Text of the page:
• Decision to keep public matters very private seems wrong
  • Humble roots and historic homes

    What would a paleo spear point, a brass union eagle medallion and petticoat doors have in common? They were found on a farm between Lebanon and Springfield. Archaeologists believe the point may be from 10,000-12,000 BC. The eagle medallion was probably removed from the leather strap of a Yankee soldier’s cartridge box on his way to Perryville in 1862, as the 2 1/2” shiny brass circle made a perfect target for rebel sharp shooters.     

  • If spaghetti for breakfast is wrong, I don’t want to be right

    They say that breakfast is the most important meal of the day. How can it be the most important meal for our bodies when it is socially restricted to the basics? Cereal. Oatmeal. Eggs. You get the idea.
    Tell me, why are some foods only thought of as “breakfast foods,” or “lunch foods,” or “dinner foods?” I personally think the stereotype that follows specific foods around is preposterous. I am a firm believer that every type of food should not have a specific time they should only be eaten.

  • The Stephen Foster Story is a Kentucky tradition

     Over the years, I have had the distinct pleasure of attending The Stephen Foster Story in historic Bardstown. The talented cast is always incredibly entertaining and the night flies by. The musical is truly a great Kentucky story about the life and music of one of America’s most influential songwriters, the talented Stephen Foster.

  • Sometimes you just need to let your hair down

     Genuine friendships are very hard to come by. I have had my fair share of people casually walk in and out of my life, with me thinking they had their best intentions for me and they definitely did not. I know I’m still young, and I am at an age where I’m still trying to figure out who I am, but I’ve come to see that the people I surround myself with have a great impact on the person I am becoming. 

  • The interviewing process: Prepare to stand out

     With graduation season upon us, we’re seeing a wave of new job seekers in the market, from a new high school graduate looking for a first job to the established professional who has earned an advanced degree in order to take the next step in a long career. Regardless of education and experience level, job seekers often find the interview is the most daunting aspect of a job search. 

  • Two men and a nation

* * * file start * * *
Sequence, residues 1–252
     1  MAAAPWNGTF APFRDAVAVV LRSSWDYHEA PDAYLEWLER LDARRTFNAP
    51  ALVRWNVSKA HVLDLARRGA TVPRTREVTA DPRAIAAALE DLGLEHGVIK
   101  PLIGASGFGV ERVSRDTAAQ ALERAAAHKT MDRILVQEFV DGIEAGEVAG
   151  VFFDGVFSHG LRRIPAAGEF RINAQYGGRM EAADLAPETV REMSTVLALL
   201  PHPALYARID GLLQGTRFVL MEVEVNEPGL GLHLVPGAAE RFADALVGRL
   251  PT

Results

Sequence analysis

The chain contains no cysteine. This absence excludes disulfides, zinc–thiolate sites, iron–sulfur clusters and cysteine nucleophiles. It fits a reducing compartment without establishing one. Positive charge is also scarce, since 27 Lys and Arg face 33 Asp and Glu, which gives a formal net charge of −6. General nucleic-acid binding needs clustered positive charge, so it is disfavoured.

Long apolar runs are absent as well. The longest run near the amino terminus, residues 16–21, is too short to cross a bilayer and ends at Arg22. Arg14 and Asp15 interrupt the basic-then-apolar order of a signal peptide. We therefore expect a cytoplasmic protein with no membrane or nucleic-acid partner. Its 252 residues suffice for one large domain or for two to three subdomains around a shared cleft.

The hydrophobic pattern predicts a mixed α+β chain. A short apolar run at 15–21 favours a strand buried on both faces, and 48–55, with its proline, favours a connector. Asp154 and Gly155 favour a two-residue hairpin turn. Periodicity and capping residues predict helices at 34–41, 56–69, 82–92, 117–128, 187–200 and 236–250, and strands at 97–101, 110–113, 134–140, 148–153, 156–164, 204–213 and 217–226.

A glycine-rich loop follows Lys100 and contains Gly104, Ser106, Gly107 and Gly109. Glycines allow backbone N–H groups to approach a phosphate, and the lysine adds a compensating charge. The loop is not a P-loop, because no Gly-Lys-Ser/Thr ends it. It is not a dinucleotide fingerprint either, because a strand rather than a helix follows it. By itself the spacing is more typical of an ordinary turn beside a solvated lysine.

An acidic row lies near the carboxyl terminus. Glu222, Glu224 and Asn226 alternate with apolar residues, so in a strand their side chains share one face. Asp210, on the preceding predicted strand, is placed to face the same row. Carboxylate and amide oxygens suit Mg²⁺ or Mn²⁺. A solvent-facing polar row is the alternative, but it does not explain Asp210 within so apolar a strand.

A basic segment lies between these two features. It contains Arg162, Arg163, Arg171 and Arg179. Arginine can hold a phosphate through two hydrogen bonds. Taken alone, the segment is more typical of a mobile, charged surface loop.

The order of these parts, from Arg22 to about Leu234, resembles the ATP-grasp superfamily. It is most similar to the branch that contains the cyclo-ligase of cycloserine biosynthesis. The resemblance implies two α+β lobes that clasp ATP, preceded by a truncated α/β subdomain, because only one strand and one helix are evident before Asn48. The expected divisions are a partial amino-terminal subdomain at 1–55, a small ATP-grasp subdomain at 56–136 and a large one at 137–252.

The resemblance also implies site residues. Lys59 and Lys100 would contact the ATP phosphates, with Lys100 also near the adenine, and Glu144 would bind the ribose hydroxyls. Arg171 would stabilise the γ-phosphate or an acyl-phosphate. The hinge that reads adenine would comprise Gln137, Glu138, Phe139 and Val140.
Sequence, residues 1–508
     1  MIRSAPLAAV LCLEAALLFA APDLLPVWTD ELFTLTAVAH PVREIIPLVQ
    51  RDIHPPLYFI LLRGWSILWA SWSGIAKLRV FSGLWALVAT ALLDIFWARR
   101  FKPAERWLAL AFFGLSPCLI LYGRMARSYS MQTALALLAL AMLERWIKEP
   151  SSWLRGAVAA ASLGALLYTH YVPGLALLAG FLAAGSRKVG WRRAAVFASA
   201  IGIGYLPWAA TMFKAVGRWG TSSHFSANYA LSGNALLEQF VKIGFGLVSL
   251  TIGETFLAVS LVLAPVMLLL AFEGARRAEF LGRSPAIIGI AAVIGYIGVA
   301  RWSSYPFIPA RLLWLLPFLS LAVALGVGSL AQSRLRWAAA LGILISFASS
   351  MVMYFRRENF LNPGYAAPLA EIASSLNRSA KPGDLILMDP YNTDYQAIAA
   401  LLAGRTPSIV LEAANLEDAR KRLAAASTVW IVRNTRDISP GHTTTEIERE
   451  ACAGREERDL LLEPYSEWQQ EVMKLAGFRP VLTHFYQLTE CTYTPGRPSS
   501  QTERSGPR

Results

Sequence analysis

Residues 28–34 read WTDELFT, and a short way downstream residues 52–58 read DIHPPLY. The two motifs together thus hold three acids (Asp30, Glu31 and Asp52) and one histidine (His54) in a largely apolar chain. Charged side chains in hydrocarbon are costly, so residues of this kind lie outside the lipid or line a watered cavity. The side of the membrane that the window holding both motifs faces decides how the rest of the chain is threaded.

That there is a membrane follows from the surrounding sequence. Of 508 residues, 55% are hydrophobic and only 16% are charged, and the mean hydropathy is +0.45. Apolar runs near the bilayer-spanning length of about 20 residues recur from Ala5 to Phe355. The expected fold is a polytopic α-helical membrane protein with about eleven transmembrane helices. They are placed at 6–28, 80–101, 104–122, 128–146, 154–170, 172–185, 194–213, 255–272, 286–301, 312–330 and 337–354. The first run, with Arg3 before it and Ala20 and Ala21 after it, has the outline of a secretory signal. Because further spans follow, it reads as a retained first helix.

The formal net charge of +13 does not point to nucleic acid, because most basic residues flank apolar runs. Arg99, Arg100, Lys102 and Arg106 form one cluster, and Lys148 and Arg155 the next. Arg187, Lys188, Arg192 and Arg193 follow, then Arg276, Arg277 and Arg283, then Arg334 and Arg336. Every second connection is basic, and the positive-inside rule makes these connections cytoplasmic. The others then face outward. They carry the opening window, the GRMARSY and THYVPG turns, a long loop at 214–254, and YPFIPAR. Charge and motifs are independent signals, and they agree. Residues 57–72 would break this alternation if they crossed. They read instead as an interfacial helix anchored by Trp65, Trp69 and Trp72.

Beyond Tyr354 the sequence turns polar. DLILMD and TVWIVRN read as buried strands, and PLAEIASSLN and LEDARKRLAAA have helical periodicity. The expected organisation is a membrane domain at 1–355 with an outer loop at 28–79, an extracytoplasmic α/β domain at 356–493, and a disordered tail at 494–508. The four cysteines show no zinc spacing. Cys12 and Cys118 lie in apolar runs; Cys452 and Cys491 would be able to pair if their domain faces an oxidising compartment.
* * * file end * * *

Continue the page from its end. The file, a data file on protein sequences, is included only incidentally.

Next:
In previous articles, I have written about two local farmers and their separate paths to raising hemp, beginning in the early 1940s. Some may find it ironic that they attended the same small church in town, and yes, I was a member and witness to their attendance.  

  • Lawmakers’ work continues through summer

     It’s nearly summertime! Time for a break from school, barbecues, baseball and maybe a vacation. But June also marks the start of the interim period for the Kentucky General Assembly.

    That’s a time when standing committees of both chambers come together to form interim joint committees. For instance, the transportation committees of the House and Senate become the Interim Joint Committee on Transportation.

  • Customer service survival: 8 types of customers you’ll encounter at a restaurant

     As of this past March, I have worked at the same restaurant for four years. I got my first job right as I turned 16, and I have since learned countless lessons about customer service. 

    When you have worked in a job where you are paid to serve others, you meet all different types of people, some are great, others… well, let’s just say we hope they have a better day. 

  • More than just familiar faces

     There are some people in our lives who we only know on a first name basis, but we see them almost every single day.

    We see them when we’re buying our morning coffee. Working out at the gym. Ordering lunch. Cashing a check at the bank. Pumping gas. Buying our groceries. Checking our mail at the Post Office. Buying the newspaper.

    We often engage in small talk with these folks. A friendly “good morning” here, or a “nice weather we’re having” there. 

    In some cases, we may not know their names at all.